Ukrainian forces are pushing back Russian troops so successfully that the invaders have been forced to regroup, refit and refocus, White House national security adviser Jake Sullivan said Sunday.
“Russia has changed its behavior in this war,” Sullivan said on CBS News’ Face The Nation. “They have retreated. They have pulled back from substantial territory in northern and northeastern Ukraine. Chiefly the reason they made those adjustments is because they were beaten by the Ukrainians.”
Sullivan credited the Ukraine military — and the flow of equipment the U.S. and its allies have been sending the besieged country. Last week, he said Slovakia was able to send an S-300 air defense system because the U.S. was willing to provide a Patriot battery to replace the system Slovakia was giving away.
Russian Ambassador to the U.S. Anatoly Antonov earlier told Newsweek the West is provoking Russia.
“We warn that such actions are dangerous,” the envoy said. “They can lead the U.S. and the Russian Federation onto the path of direct military confrontation.”
LATEST VISUAL EXPLANATIONS: Mapping and tracking Russia’s invasion of Ukraine
► Ukraine’s border guard agency says about 2,200 Ukrainian men of fighting age have been detained so far while trying to leave the country in violation of martial law. The agency said Sunday that some of them have used forged documents and others tried to bribe border guards.
► Ukraine is investigating the involvement of about 500 Russian leaders, including President Vladimir Putin, in 5,600 possible war crimes, Irina Venediktova, Ukraine’s chief prosecutor, said Sunday.
► EU Ambassador to Ukraine Matti Maasikas said he believes Ukraine could formally become a candidate for EU membership as soon as June. “Now we are even talking about weeks, not months,” Maasikas said.
► Authorities in the region that includes Ukraine’s fourth-largest city, Dnipro, say the airport was hit twice by missile attacks on Sunday.
Moscow has appointed a new war chief after a largely unsuccessful six weeks of battle in Ukraine, a senior U.S. official said Sunday.
According to the official, who is not authorized to be identified and spoke on condition of anonymity, said General Alexander Dvornikov has a history of brutality against Syrians and other civilians. Dvornikov, 60, one of Russia’s most experienced military officers, will be the first central war commander on the ground in Ukraine.
But U.S. officials don’t seem to be worried about the new appointment.Jake Sullivan, the White House national security adviser, said: “No appointment of any general can erase the fact that Russia has already faced a strategic failure in Ukraine.”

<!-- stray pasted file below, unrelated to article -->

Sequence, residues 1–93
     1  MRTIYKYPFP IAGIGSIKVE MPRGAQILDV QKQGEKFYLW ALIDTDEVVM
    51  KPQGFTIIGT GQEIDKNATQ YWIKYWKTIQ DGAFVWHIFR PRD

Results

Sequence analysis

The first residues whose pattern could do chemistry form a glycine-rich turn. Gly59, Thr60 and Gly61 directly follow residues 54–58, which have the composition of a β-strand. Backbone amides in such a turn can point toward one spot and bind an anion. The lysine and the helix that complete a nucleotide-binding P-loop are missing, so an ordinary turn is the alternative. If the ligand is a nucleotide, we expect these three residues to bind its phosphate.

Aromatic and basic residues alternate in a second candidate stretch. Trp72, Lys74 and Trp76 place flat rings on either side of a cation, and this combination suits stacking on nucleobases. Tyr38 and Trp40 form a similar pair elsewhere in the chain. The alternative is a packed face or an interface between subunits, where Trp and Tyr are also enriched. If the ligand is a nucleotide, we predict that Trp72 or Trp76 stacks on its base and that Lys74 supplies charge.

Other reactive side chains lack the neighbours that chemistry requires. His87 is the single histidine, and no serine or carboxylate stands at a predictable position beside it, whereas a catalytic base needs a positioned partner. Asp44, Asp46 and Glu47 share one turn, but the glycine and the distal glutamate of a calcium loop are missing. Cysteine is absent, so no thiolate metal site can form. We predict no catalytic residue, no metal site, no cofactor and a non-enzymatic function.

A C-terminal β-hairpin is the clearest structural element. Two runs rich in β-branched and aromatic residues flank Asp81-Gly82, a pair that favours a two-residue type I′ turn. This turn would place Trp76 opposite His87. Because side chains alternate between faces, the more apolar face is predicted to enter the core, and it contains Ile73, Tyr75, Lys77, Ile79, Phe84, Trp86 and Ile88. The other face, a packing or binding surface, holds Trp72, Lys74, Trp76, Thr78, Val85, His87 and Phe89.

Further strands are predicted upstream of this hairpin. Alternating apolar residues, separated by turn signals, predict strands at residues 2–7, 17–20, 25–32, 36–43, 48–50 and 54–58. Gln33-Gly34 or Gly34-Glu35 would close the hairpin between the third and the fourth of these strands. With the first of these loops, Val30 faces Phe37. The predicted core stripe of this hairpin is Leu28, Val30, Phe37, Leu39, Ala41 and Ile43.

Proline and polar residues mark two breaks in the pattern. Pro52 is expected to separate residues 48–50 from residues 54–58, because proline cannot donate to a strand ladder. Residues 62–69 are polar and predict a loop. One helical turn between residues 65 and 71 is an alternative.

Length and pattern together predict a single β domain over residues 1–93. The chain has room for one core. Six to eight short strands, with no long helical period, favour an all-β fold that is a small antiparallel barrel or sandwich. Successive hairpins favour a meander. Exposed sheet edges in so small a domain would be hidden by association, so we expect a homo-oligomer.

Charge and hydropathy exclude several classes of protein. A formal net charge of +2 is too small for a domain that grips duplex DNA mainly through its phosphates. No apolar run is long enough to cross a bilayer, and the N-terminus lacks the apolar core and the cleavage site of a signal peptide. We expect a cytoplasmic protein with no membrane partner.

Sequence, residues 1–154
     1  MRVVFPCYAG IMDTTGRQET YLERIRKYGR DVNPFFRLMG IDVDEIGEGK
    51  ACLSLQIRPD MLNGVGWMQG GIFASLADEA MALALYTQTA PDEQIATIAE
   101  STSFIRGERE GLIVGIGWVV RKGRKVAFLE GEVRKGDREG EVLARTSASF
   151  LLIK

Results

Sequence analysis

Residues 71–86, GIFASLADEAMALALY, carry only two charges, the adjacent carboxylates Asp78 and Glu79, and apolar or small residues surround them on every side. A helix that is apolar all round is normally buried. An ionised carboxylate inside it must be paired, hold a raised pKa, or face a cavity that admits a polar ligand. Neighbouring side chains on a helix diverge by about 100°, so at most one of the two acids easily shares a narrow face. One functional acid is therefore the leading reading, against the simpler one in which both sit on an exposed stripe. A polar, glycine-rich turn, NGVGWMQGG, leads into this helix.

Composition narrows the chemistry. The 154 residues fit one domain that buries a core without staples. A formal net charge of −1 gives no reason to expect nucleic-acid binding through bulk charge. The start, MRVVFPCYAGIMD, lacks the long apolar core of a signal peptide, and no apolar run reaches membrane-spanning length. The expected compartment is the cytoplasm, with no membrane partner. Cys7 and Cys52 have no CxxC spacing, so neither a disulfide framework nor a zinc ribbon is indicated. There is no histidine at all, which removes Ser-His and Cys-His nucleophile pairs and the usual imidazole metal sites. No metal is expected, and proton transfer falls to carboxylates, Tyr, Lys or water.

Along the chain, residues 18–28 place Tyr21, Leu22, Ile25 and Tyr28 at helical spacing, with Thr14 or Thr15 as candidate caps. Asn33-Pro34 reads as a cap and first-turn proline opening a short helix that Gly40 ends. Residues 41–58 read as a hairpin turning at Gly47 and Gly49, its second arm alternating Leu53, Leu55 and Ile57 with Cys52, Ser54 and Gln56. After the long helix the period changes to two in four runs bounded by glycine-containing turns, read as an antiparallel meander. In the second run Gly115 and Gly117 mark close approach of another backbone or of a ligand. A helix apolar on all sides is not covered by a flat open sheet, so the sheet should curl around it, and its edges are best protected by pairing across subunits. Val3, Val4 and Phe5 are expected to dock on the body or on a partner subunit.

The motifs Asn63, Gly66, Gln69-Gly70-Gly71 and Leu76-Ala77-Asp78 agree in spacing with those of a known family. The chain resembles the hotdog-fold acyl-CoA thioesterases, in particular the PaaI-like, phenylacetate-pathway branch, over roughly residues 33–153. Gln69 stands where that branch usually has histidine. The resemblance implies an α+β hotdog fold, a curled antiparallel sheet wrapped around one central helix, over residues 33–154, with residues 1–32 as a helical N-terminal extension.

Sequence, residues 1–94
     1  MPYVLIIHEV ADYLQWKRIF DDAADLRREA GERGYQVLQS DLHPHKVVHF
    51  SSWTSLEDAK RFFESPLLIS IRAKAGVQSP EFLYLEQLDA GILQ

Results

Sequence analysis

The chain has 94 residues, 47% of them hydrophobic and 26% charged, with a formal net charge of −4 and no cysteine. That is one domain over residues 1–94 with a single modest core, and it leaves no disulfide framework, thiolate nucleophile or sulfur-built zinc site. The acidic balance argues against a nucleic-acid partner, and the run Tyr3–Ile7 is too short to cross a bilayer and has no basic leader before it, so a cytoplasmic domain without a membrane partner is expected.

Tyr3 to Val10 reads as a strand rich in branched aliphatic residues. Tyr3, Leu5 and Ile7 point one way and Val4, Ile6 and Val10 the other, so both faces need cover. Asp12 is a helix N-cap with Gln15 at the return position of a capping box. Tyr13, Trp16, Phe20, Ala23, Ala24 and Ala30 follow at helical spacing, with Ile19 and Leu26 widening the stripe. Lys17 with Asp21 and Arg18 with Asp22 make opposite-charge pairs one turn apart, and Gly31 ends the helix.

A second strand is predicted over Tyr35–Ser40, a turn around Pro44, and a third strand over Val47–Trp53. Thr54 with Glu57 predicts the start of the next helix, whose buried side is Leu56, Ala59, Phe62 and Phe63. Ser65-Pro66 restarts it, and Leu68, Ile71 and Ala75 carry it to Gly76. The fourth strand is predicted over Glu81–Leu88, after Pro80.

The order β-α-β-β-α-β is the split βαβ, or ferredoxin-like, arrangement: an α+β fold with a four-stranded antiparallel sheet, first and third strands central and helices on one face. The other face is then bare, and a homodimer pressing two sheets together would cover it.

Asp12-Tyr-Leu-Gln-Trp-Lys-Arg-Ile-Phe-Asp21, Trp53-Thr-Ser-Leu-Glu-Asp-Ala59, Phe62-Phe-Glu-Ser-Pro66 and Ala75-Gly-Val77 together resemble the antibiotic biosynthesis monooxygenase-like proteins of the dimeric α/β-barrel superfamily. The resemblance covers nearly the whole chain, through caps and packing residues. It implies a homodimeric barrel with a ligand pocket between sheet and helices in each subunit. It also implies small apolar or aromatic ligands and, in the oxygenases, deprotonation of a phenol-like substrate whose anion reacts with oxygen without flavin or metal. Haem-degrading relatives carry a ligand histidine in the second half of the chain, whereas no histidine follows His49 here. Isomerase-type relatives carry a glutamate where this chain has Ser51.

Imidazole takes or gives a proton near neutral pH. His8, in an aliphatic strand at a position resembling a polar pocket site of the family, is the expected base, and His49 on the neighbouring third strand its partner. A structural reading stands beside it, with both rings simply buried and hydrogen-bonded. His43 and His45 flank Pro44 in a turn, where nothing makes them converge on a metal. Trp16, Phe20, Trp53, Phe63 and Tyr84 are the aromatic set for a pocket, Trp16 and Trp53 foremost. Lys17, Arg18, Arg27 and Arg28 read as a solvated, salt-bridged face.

Defense Secretary Lloyd Austin on Sunday thanked a small number of Ukrainian troops who were departing the United States after training to operate patrol boats and kamikaze drones, the latter among the latest military technology sent to fight Russian invaders, the Pentagon announced. The Ukrainian contingent, whose size the Pentagon has not disclosed, took part in a long-standing training mission that began Feb. 24, the day Russian President Vladimir Putin’s forces invaded Ukraine.
The mission was extended to include training on Switchblade drones, which stay aloft long enough for operators to locate enemy positions or armored vehicles and then crash into them and explode.
Austin thanked the Ukrainian troops by video conference on their final day at the U.S. Navy’s base at Little Creek, Va., Pentagon press secretary John Kirby said in a statement.
Austrian Chancellor Karl Nehammer will meet Russian President Vladimir Putin in Moscow on Monday for talks, two days after meeting with Ukrainian President Volodymyr Zelenskyy in Kyiv. Nehammer told the Austrian Press Agency he hopes to promote dialogue between the countries and will address Putin’s “war crimes” in Ukraine.
Nehammer’s plans drew immediate fallout in Ukraine. The deputy mayor of Mariupol, Sergei Orlow, told the German outlet Bild that the meeting was not appropriate.
“The war crimes that Russia is currently committing on Ukrainian soil are still taking place,” he told Bild. “I don’t understand how to have a conversation with Putin at this time, how to do business with him.”
In response to mounting losses, the Russian armed forces are trying to bolster troop numbers by bringing back veterans discharged from the military over the last 10 years, according to an assessment from the British Defense Ministry. Efforts to generate more fighting power also include trying to recruit from the Moldovan separatist Transnistria region, the ministry said.
The assessment was released one day after British Prime Minister Boris Johnson met with Ukrainian President Volodymyr Zelenskyy in Kyiv, promising a new package of financial and military aid for Ukraine’s “struggle against Russia’s barbaric campaign.”
“The Ukrainians have the courage of a lion,” Johnson tweeted. “President @ZelenskyyUa has given the roar of that lion. The UK stands unwaveringly with the people of Ukraine.”
Jens Stoltenberg, the secretary general for the North Atlantic Treaty Organization, is looking to “reset” the alliance and have member states increase their defense spending, he told the Daily Telegraph in the United Kingdom.
“What we see now is a new reality, a new normal for European security,” Stoltenberg said. “Therefore, we have now asked our military commanders to provide options for what we call a reset, a more longer-term adaptation of NATO.”